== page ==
A video that I did watch intently was the Austrian Police record of Natascha Kampusch's tiny prison. As I devoured the fantastic details of Natascha's eight year imprisonment, shock and horror turned to critical concern.

By all accounts, Natascha has had only brief contact with her parents while entering a media blitz less than a month after escaping her captor. If her release had occurred a few years earlier, there is no doubt in my mind that she would have been immediately returned to the care of her mother or father. Yet, because she gained her freedom as a legal adult, everyone appears to accept the entourage of psychiatrists, psychologists, and lawyers, assigned by persons unknown, that keep Natascha far from family and those that knew her before the kidnapping.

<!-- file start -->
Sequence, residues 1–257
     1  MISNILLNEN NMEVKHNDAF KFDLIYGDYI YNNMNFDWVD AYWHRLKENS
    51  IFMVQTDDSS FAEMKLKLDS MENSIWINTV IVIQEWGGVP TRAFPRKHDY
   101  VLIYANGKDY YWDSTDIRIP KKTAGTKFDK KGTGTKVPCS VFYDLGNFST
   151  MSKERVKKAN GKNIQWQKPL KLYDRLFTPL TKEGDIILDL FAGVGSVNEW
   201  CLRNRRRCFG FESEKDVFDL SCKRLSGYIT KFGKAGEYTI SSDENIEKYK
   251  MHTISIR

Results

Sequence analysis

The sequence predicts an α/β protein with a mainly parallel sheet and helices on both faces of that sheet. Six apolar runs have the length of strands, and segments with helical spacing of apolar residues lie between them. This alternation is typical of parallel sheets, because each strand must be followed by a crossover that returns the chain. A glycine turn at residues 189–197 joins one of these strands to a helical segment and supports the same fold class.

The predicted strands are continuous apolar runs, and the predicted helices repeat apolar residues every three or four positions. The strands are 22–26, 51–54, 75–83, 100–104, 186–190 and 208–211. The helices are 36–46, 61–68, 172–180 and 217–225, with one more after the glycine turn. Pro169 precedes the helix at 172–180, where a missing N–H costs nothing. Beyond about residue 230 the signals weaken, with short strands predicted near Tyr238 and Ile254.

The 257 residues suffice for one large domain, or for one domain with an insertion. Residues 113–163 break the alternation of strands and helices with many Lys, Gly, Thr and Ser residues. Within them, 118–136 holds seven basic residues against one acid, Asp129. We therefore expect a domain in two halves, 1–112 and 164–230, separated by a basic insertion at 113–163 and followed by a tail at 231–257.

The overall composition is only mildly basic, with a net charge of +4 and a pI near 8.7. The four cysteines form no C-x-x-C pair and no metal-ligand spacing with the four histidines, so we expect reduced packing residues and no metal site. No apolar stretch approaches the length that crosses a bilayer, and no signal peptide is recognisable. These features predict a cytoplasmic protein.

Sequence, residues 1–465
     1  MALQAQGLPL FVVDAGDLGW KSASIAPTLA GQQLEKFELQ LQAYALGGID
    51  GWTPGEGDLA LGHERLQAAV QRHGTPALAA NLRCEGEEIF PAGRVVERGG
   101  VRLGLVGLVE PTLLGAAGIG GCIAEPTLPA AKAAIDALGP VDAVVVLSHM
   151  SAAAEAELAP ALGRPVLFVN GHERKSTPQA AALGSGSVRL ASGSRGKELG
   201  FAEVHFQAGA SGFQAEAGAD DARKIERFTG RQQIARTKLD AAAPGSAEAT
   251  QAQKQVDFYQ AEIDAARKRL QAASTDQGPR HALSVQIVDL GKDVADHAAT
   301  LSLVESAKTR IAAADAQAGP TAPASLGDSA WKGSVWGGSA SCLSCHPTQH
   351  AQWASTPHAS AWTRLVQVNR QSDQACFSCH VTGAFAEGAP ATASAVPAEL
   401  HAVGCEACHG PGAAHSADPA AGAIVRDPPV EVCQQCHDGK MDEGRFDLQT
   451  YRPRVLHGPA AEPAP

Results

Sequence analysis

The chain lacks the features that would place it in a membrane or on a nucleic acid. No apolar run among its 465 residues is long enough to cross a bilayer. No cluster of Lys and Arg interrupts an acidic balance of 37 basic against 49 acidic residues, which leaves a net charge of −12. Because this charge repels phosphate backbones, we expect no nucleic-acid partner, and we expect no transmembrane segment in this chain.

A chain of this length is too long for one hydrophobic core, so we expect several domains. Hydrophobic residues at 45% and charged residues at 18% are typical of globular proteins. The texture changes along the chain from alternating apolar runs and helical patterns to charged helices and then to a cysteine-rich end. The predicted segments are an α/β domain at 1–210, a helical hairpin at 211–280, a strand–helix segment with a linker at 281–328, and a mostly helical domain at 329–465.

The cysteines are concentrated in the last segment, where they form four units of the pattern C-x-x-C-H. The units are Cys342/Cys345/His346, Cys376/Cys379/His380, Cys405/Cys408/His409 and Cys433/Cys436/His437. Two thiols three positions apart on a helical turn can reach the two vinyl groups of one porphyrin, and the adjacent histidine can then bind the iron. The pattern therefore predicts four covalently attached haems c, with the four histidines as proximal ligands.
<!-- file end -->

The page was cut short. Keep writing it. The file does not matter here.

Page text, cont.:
A BBC article written just as the details of the story were being released asked psychologists what she should do next. One specialist on abused children recommended a return to "as normal a life as possible." He also predicted that Natascha would have abandonment issues because her parents never rescued her and that she should be reunited with her parents as soon as possible. Thanks to Natascha's expert handlers, a normal life with loved ones is not on the agenda as she goes on another round of media interviews.

Speaking of not normal, Suri Cruise has finally been revealed to the unwashed masses. Yet, having tackled the growing suspicion that Suri either did not exist or was physically deformed, the photos are now fueling new rumours. My favourite, Perez Hilton, has been repeatedly lining up photos of Suri with Katie Holme's previous flame, Chris Klein. The implications are obvious. And then there are those who cling to the fake baby theory by dismissing the Vanity Fair cover as obviously photo doctoring.